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On my CV I have added png icons and resized them

When export as pdf these icons lose resolution/quality

How do I fix this?

See below.

Low quality icons

  • Check your compression settings for images when you export to PDF. – DA01 Mar 27 '14 at 14:42
  • also, FWIW, those icons are somewhat redundant. From a design standpoint, I'd maybe consider just not having them. – DA01 Mar 27 '14 at 14:43
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Since this is a CV, I suspect you're doing it in Word, which doesn't handle resizing of pngs very well. (I'm being overly benign saying it that way. Word's sadistic treatment of innocent raster images is worthy of a trial at The Hague.) The open source clones aren't better.

Follow DA01's advice and skip the icons, or find some EPS versions (or, better yet, use an actual font like webdings).

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You don't mention the software being used.

When you are working in Photoshop, you are working with pixels only (aka dots). When you export to PDF, you are creating a document which is going to be printed with a presumed fixed real-world dimension (such as 8.5 x 11 inches). This is where the number of available dots comes into play, because the quality is entirely a measue of how many pixels you provide.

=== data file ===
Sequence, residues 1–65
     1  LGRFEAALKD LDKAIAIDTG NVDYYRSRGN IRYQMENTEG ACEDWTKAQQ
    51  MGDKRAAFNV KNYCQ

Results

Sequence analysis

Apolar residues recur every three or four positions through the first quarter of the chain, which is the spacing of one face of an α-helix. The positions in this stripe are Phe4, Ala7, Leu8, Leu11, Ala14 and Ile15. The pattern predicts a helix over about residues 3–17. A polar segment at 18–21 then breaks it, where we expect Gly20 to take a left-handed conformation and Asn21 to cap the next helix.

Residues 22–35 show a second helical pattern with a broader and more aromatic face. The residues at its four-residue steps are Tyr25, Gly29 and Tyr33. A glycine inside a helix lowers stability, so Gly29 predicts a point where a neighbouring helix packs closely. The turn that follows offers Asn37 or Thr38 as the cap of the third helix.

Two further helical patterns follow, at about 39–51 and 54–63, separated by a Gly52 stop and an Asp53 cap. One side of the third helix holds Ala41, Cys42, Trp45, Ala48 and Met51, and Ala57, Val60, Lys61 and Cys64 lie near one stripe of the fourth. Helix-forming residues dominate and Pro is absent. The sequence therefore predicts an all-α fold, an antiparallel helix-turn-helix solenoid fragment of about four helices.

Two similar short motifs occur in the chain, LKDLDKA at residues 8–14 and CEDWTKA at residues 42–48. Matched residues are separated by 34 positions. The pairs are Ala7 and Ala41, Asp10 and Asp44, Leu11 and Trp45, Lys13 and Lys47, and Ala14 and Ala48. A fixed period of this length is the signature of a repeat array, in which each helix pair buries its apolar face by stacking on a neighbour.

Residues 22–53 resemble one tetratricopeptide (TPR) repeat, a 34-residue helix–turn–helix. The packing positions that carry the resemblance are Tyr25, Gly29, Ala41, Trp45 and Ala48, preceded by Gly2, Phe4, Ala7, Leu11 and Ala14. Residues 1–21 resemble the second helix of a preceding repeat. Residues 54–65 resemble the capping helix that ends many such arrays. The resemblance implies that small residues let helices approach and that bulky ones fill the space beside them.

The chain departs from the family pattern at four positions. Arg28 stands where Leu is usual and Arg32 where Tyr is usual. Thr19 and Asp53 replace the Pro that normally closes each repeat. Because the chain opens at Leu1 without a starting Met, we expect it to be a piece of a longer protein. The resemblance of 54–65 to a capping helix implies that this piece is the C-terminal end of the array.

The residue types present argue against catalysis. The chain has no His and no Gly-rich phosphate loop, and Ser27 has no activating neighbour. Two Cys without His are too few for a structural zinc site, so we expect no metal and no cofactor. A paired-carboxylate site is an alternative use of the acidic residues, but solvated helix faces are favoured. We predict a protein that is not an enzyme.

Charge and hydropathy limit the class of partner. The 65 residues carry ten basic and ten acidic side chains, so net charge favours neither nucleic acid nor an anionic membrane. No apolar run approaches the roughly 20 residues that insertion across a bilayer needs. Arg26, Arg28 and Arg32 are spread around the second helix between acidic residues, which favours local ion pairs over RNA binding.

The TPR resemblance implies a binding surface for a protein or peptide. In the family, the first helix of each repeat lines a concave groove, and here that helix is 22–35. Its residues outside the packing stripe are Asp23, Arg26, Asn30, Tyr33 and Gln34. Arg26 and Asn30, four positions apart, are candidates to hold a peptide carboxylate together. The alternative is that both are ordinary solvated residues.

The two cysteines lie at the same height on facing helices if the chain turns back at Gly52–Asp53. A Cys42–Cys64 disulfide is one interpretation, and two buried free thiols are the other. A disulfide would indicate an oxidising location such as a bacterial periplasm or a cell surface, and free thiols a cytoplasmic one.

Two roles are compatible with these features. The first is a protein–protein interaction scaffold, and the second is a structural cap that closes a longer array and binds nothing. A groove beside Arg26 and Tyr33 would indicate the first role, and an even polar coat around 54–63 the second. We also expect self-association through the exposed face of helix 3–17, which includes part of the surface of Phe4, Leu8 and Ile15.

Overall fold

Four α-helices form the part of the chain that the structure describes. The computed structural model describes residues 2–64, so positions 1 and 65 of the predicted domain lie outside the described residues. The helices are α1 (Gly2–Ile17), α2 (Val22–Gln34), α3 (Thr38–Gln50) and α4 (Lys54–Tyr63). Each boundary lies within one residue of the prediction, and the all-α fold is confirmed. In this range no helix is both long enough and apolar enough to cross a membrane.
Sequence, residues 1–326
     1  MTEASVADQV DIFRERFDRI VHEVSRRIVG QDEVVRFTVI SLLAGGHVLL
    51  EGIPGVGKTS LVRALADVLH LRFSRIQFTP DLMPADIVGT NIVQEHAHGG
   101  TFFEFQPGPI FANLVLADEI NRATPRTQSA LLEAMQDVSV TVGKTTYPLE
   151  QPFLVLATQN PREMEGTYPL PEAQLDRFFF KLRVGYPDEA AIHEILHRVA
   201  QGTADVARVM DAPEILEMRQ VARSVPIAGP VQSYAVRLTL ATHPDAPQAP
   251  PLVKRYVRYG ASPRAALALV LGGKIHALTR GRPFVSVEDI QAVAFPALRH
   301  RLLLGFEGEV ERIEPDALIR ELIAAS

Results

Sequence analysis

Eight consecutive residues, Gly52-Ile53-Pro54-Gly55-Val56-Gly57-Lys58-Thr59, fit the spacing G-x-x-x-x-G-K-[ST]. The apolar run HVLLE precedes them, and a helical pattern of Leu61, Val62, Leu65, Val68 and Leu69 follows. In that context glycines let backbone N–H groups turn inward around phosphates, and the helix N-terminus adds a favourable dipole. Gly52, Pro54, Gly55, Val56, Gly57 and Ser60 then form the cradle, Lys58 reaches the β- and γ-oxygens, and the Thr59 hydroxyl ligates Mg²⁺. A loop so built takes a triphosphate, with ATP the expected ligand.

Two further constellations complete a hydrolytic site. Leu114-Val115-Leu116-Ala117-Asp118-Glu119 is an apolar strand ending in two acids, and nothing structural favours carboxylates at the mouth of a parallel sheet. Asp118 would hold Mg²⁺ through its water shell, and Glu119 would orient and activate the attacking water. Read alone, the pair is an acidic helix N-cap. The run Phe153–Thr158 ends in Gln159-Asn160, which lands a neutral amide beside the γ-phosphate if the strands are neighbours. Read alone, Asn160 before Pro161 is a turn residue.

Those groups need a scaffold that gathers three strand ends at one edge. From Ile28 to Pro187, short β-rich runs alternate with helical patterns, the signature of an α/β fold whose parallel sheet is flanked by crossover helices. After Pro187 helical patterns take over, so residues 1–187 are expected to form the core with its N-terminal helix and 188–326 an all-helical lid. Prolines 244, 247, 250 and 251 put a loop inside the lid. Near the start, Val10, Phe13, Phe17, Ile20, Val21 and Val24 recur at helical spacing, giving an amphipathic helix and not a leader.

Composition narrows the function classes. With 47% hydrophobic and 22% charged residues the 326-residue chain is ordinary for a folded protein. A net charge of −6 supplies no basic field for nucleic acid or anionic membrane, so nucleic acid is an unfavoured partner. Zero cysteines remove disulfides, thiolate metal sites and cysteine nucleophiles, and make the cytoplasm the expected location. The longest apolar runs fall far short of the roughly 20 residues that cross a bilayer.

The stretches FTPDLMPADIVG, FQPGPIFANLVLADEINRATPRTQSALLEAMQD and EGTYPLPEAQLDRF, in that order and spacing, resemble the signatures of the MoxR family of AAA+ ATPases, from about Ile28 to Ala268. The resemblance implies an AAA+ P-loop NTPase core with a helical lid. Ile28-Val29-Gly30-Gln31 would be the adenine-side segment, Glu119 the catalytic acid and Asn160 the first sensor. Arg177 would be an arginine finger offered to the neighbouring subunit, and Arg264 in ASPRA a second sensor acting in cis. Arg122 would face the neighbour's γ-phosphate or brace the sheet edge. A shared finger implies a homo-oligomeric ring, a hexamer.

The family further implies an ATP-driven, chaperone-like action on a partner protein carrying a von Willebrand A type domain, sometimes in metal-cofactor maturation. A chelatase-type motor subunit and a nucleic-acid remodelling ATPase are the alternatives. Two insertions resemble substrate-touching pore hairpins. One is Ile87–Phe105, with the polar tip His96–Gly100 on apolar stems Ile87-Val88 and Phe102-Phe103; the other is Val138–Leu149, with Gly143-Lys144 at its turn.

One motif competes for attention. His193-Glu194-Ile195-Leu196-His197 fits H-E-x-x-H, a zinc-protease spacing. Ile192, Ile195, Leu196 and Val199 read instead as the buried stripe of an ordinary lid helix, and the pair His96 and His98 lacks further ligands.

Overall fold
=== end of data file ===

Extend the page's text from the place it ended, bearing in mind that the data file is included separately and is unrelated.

The PNG image in both the display case and the printed case can be thought of as being a grid, but the grid on paper has far smaller measurable dimensions for the same number of squares in the grid, so to maintain the proper scale, the grid must be stretched larger. This means that the export to PDF is a second resize. The type does not tend to suffere from this problem becasue it is not stored as a grid (typically), but rather as "math" which only gets set to a grid at the moment of printing, so the resolution is always the best possible for the output.

For technical reasons which have more to do with commercial printing, the typical number quoted for images to be printed is 300 dpi for color and 600 dpi for greyscale (B&W).

This means that if you want an icon to be .25 inches square on paper/PDF, the image must be 75 pixels wide and 75 pixels high (150px square for 600dpi) minimum.

If you are working totally in Photoshop or other raster image editing software, you need to have (8.5in * 300px) x (11in * 300px) pixels in your document. Otherwise, just tailor the individual placed images this way.

Note: for raster images the dpi is just a tag for software as long as the pixels are there the "DPI setting" is not important

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Use an icon font. I can't recommend one in particular, but this might help: http://fontello.com/

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